Monday, April 28, 2014

晴 (Haru in Uguisudani)


Beautiful. Haru, over on Tokyo's east side, is one of those bowls that tastes as good as it looks. Simple, but screaming in terms of impact and umami flavors.


Located just a few minutes from Uguisudani Station, that one station on the famed Yamanote Line that no one ever uses.


It is a typical light soup of niboshi (dried fish), pork, and chicken. While the rest of the world seems to be going crazier and crazier with their soups, I'm liking this Tokyo trend of simple and light.


Slow roasted chashu and quality menma on top.


While this spot is on the opposite side of town for anyone in Shinjuku or Shibuya, residents or tourists over in the east might find a journey to Haru to be a nice detour.


Tokyo, Taito-ku, Shitaya 1-11-7
Closest station: Uguisudani

Open 11:30-14:30, 18:00-22:00
Sundays 11:00-15:00, 18:00-21:00
Closed Saturdays

Thursday, April 24, 2014

ちくてい (Chikutei in Matsue)



I tucked into a pint of Guiness at the local Matsue gaijin bar, St. Jame's Gate. As always, the Tokyo traveler is expected to explain himself. Why am I in Matsue? To eat ramen, of course!


Though no one believed my white lie (I was actually here for other work), a well-dressed gentleman with a gorgeous Leica camera spoke up. Chikutei is his go-to ramen in town.

This was at about 12:30, and Chikutei closes at 1am. Perfect.


Though the noren banner was down, indicating that they were done with service for the day, the lights were on and the master let me in for the last bowl of the day.

Strictly standard, though I could see this being a local's favorite ramen joint. The shop had just enough counter seating for the quick diner, and a tatami dinning room for long-stay drinkers or families. The bowl itself was a chickeny Chinese style that went down smooth.


Random autographs on the wall featured a plate written in English from 2006 from a famous octopus researcher.


How about more recommendations from locals? If you only have an hour to spare, take the boat around the castle moat. We had exactly two hours before our airport bus was due. An elderly boat driver was happy to drop us off near a local soba house.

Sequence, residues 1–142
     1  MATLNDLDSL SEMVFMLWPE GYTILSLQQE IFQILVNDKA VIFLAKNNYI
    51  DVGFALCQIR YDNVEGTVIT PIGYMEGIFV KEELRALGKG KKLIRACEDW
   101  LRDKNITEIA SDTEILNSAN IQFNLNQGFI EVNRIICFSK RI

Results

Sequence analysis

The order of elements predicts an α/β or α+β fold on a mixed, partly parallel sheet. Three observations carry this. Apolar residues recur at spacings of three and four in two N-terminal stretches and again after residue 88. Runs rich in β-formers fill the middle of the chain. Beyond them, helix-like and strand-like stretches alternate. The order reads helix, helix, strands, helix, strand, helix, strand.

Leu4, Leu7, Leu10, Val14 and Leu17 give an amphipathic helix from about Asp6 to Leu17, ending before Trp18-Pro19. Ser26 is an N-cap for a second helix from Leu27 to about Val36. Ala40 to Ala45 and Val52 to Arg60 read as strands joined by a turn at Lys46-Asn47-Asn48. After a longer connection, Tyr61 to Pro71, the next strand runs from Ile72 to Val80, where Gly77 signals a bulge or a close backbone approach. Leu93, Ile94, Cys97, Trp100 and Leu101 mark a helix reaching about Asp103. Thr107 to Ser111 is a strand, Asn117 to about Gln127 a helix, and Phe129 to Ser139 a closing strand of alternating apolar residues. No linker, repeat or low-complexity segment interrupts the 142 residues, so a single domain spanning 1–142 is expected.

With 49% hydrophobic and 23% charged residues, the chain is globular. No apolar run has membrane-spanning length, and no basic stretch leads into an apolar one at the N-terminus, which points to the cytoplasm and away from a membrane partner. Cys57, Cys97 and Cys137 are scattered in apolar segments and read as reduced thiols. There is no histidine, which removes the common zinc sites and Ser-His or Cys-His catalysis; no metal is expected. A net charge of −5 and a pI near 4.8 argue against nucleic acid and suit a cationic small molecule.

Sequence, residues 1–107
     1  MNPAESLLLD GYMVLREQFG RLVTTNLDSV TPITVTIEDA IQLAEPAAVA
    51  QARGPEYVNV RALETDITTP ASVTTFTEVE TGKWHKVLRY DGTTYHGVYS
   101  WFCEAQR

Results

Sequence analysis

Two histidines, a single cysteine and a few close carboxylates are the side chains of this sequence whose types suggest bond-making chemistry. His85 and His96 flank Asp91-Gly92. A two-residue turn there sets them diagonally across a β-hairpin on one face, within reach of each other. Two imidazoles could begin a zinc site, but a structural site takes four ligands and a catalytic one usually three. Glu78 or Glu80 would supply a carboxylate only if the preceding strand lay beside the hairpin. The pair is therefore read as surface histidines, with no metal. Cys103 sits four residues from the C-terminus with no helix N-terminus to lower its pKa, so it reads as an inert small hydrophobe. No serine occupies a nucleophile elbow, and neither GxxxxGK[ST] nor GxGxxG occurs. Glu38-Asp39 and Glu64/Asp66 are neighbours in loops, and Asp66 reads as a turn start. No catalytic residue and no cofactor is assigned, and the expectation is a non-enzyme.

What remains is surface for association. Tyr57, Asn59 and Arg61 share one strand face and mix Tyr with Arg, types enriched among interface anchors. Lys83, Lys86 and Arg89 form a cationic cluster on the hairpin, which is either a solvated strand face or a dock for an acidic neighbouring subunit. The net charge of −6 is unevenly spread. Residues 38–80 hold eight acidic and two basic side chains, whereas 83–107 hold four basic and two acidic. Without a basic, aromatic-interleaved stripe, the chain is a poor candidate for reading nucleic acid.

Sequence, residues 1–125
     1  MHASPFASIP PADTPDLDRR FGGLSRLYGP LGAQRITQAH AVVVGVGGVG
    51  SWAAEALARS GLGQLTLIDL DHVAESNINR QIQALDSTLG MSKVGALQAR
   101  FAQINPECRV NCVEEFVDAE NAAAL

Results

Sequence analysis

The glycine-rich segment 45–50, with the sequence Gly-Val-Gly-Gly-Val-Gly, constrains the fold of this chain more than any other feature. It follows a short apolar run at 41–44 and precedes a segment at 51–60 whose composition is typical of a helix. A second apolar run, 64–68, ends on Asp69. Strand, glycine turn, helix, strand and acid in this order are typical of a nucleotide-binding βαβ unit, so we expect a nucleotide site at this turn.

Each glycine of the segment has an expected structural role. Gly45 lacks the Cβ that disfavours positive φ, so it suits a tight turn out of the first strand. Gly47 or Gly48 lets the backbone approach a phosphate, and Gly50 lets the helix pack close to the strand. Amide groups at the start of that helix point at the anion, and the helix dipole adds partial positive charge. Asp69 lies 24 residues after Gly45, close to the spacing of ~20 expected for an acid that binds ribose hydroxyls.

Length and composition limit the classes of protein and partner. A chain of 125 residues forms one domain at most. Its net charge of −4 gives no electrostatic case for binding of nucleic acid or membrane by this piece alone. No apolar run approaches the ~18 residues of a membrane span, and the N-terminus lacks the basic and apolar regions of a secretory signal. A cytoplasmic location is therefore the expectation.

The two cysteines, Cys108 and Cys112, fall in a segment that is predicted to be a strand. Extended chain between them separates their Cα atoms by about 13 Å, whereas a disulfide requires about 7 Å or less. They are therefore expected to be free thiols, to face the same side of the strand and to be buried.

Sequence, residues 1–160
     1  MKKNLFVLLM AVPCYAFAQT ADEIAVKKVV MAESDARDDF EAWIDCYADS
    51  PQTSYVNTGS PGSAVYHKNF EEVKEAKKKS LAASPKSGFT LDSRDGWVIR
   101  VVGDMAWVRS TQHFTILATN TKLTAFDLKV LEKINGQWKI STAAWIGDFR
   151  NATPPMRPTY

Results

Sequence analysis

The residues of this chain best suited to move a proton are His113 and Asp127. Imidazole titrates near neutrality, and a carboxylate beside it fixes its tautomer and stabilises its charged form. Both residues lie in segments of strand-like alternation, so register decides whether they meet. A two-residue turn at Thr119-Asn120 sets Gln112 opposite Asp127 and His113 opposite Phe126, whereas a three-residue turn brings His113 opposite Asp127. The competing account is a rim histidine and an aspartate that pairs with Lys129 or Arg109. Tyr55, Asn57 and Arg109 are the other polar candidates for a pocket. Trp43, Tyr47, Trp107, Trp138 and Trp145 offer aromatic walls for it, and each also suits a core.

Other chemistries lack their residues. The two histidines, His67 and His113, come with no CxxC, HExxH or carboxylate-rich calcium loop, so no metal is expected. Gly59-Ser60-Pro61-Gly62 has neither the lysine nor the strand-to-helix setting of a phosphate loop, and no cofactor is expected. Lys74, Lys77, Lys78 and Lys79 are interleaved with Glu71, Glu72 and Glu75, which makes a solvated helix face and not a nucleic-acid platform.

Soba noodles in a light duck broth.


Tempura bamboo shoots, picked the day before in the restaurants backyard forest. If I were to rank non-ramen food, this would be in the top three of 2014.


Soup-less soba with all the fixings.

Although I wasn't too impressed with the ramen scene here in Matsue, the town itself should be on anyone's list if they plan on hitting the northern coast of Shimane and Tottori. These prefectures are definitely just footnotes in your average guidebook, but have a lot to offer.


Shimane-ken, Matsue-shi, Higashihonmachicho 3-14
Closest station: Matsue

Open 19:00-1:00am
Closed Sundays

Monday, April 21, 2014

トタン屋 (Totanya in Matsue)

麺'sダイニング トタン屋


I wish I had better things to say about ramen in Matsue, the capital city of Shimane Prefecture. The town itself is quite lovely. An old samurai city on the banks of lake Shinjiko, you would think the hungry travelers who frequent Matsue would influence some decent noodles.


Pokemon plane!


Anyways, I was drawn here by the name alone. 麺'sダイニング - Men's Dining. The signature dish, Totan Ramen, was a "light tonkotosu" that was more like garlic-oil flavored water.

Stay tuned, the bad-ramen-in-Matsue commentary continues!


Shimane-len, Matsue-shi, Wadamicho 80
Closest station: Matsue

Open 18:00-3:00am

Thursday, April 17, 2014

しながわ (Shinagawa in Ikebukuro)



Shinagawa is an offshoot of nearby BASSO. If the connection is any indication, this should be an excellent bowl. The homemade noodles from this group are solid.


Your standard chukasoba. At 1000 yen for the special bowl (extra pork, egg, menma, and nori) it is a bit on the pricey side. Worth it?


Despite the rest of the ramen world raving about this bowl, I wasn't impressed. Not a lot of impact, and a huge amount of hot oil on the top. Yeah, the noodles were excellent, but I wanted them in a different soup.


The niboshisoba might be a better match, but I won't be going back to find out.